Sunday, August 05, 2007

The Band Heel -- generically

ETA Aug. 26/07:
1. You can adjust the fit of this heel similarly to a short row heel. Just use more than half the stitches for the flap, and the length of the flap automatically gets longer.
2. A few people have asked me how this heel would work toe up. Simple answer: I don't know, because I don't usually go in that direction. If you figure it out, let me know. :-)

The Band Heel has a flap but no gusset. By doing some shaping inside the heel flap, once you've picked up your stitches you end up at the same stitch count you were at originally -- no decrease rounds required. This is good for those occasions when you're trying to match up a colour pattern and don't want the wonkiness that can occur while decreasing a gusset. It's called a Band Heel because you end up with a nice, little band at the back and bottom of your heel.

A few notes first:

  • Step 1 is simple math. Do not fear the math. If push comes to shove, use the calculator on your computer, or ask your kids to help you.

  • The heel is designed so that you end up with 8 stitches left after the turn, and the flap rows require a specific count in order to restore this to your original count. Do not modify the number of flap rows in Step 2 or it will not work.

  • The patterns I've seen all call for Step 2 to be done in stockinette. I imagine, though, you could very easily carry a pattern through these rows. I would be a little leery, however, about heel stitch or Eye of Partridge because slip stitches have a condensed row gauge and may throw off the fit and stretch required for this heel. Feel free to experiment.

  • I have modified Step 3 in two ways. The other patterns I've seen use SSK, and I've used SKP because when I did it with SSK, I got a jagged line instead of a smooth line. Your mileage may vary. As well, other patterns called for an inch worth of stitches between the decreases, and I changed it to 6 in order to match the decreases in Step 4. This gives a nice continuous shaping line.

  • If you want to continue a colour progression smoothly, take note of where your yarn is in the colourway when you first turn and purl back. Then, when you are ready to once again knit the instep stitches, pull out a loop of yarn until you find that place again. Once you've knit a bit and are sure you're happy with it, snip the loop, tuck the ends inside and weave them in.

  • Many people pick up and immediately decrease an extra stitch in the gusset corners to avoid holes. I can't imagine that this would drastically affect your colour progression, so if you want to do that, go ahead. However, to be completely pure with your stitch count, you can instead wrap the outermost stitch on either side of your instep when you first divide out your heel stitches and then knit the wraps in when you recommence the instep. This eliminates the hole, places any potential wonkiness on the heel flap, and is more in keeping with the spirit of this heel. (I do that for all my heels, and it works a charm.)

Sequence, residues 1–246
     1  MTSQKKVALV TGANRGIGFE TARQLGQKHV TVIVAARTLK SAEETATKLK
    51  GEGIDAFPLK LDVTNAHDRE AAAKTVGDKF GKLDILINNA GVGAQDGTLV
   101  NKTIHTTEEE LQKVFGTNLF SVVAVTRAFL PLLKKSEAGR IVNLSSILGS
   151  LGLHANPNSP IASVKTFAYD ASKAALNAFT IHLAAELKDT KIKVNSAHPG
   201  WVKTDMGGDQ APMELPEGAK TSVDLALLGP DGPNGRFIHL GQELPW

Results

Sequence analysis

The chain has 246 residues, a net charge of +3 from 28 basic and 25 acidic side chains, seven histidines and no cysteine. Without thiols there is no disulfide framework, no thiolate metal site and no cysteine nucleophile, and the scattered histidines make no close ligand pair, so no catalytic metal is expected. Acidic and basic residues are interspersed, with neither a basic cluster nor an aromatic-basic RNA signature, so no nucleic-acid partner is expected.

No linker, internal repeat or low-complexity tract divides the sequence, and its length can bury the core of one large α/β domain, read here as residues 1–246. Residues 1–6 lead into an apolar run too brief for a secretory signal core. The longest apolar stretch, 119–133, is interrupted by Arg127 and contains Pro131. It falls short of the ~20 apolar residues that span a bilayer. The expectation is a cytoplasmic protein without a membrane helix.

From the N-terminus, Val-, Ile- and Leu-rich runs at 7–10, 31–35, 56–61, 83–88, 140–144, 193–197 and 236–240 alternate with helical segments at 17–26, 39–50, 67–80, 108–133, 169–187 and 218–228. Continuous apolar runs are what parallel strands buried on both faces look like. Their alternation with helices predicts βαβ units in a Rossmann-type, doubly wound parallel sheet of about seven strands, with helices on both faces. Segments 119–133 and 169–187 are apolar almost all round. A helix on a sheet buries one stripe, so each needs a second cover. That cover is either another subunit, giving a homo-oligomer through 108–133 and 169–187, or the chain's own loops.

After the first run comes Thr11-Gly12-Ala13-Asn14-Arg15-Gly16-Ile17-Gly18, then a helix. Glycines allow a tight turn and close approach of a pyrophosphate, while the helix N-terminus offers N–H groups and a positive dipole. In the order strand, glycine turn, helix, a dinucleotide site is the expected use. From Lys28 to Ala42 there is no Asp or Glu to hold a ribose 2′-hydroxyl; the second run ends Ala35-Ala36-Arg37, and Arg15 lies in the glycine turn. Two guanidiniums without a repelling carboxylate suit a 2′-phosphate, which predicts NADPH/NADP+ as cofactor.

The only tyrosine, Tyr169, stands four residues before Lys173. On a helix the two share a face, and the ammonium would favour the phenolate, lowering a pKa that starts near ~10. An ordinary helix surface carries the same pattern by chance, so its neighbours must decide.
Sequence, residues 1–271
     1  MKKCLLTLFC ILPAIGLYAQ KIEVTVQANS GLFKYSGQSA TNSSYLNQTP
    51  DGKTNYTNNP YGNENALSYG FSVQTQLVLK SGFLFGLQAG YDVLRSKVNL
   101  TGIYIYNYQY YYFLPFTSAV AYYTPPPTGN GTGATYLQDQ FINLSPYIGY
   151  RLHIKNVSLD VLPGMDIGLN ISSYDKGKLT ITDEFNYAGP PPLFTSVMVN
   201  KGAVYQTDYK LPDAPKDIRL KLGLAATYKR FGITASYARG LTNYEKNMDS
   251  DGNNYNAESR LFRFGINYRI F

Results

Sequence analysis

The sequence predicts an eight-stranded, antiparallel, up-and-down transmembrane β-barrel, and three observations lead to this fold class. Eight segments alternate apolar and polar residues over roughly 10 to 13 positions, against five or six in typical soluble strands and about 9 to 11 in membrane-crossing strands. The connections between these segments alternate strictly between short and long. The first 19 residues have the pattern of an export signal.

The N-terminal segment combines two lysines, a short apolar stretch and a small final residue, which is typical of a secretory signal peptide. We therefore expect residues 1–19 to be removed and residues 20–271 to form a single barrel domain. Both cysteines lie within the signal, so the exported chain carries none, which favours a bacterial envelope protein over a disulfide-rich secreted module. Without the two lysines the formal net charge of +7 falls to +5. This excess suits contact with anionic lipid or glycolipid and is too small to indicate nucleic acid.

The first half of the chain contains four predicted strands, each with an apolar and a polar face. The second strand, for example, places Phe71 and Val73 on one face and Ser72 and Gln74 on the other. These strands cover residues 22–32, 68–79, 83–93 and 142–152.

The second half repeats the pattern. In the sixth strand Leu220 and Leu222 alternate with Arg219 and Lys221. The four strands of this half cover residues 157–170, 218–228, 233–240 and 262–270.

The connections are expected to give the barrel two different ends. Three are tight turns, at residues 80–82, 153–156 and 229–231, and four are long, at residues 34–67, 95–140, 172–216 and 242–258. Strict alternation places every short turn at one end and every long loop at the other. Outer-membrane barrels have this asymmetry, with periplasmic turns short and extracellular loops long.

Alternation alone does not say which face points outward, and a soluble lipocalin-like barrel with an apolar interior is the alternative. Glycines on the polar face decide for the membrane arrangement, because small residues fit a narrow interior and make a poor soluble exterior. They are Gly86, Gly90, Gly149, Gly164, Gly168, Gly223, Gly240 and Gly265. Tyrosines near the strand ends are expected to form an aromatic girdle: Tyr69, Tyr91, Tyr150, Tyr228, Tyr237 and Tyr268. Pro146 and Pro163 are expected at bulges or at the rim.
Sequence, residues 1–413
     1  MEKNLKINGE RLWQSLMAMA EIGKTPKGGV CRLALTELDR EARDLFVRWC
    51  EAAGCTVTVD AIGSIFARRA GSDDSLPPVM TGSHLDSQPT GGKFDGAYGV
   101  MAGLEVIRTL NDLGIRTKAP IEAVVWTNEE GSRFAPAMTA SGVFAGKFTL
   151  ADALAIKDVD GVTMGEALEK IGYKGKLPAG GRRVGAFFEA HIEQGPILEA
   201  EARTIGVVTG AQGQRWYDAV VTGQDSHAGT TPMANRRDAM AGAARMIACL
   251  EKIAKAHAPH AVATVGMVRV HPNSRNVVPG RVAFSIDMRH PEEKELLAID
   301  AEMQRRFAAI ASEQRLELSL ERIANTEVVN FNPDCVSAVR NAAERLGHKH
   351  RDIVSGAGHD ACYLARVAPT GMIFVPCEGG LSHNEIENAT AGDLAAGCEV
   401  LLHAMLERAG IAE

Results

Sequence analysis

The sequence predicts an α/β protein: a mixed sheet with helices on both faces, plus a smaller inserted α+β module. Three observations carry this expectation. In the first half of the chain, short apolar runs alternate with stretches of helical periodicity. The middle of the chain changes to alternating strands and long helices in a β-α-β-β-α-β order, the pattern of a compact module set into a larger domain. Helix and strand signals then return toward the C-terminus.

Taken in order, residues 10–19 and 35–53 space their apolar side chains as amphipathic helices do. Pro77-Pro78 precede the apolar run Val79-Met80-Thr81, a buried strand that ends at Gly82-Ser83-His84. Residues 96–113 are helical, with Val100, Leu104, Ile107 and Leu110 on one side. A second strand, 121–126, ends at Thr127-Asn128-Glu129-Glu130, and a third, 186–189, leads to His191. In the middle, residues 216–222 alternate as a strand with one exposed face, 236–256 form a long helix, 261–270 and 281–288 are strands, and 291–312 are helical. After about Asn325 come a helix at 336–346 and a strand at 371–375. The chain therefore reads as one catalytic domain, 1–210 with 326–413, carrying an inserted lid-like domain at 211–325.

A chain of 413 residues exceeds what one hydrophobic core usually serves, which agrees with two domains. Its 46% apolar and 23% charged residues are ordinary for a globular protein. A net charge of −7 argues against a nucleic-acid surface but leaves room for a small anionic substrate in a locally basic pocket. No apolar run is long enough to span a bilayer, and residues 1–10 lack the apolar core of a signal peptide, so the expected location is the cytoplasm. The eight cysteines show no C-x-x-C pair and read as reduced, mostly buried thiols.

• When I picked up stitches along the flap the way I usually do, I got very big holes, likely caused because I did not have the benefit of the condensed row gauge from a slipped stitch heel flap. Picking up stitches the pretty way solved this problem.

  • Enough with the notes; on with the heel.

The Band Heel, in four easy steps.

Step 1: The math.

C = Circumference stitches
H = Heel stitches (C/2)
F = Flap rows (H-16)/2
S = Side stitches (H-10)/2
T = Turning point (H-8)/2 + 2
P = Pick-ups (H-8)/2

Step 2: The flap.

R1: Sl 1, K to end
R2: Sl 1, P to end

Repeat these two rows a total of F times.

Step 3: Shaping the flap.

R1: Sl 1, K S-1, K2tog, K 6, SKP, K S
R2: Sl 1, P to end
R3: Sl 1, K S-2, K2tog, K 6, SKP, K S-1
R4: Sl 1, P to end
R5: Sl 1, K S-3, K2tog, K 6, SPK, K S-2
R6: Sl 1, P to end
R7: Sl 1, K S-4, K2tog, K 6, SKP, K S-3
R8: Sl 1, P to end

(Double check: Count the remaining stitches. It should be H-8.)

Step 4: The turn.

R1: Sl 1, K T, SSK, turn.
R2: Sl 1, P 6, P2tog, turn.
R3: Sl 1, K 6, SSK, turn.

Repeat R2 and R3 until 8 stitches remain.

Sl 1, K to end.

Pick up P stitches along side of flap (one in each slipped stitch). Knit across instep, and pick up P stitches along other side of flap. Knit 4.

You are now back at the beginning of your round, with a total of C stitches.

If you knit this heel, I'd be delighted to hear your feedback.

33 people had something to say:

Chrissy said...

Thanks for the heel tutorial. It looks really neat, and I can't wait to give it a try.

bockstark.knits said...

ooooh, i like it! i'll have to try that out, although my foot doesn't usually fit a short row heel (too tight). but it's worth a shot. i like the look of it much better than a short row!

Susan said...

I am totally trying that! Thanks for posting such a clear tutorial.
Found you through KVVS while scavenger hunting.
Great blog ;)

PurlingPirate said...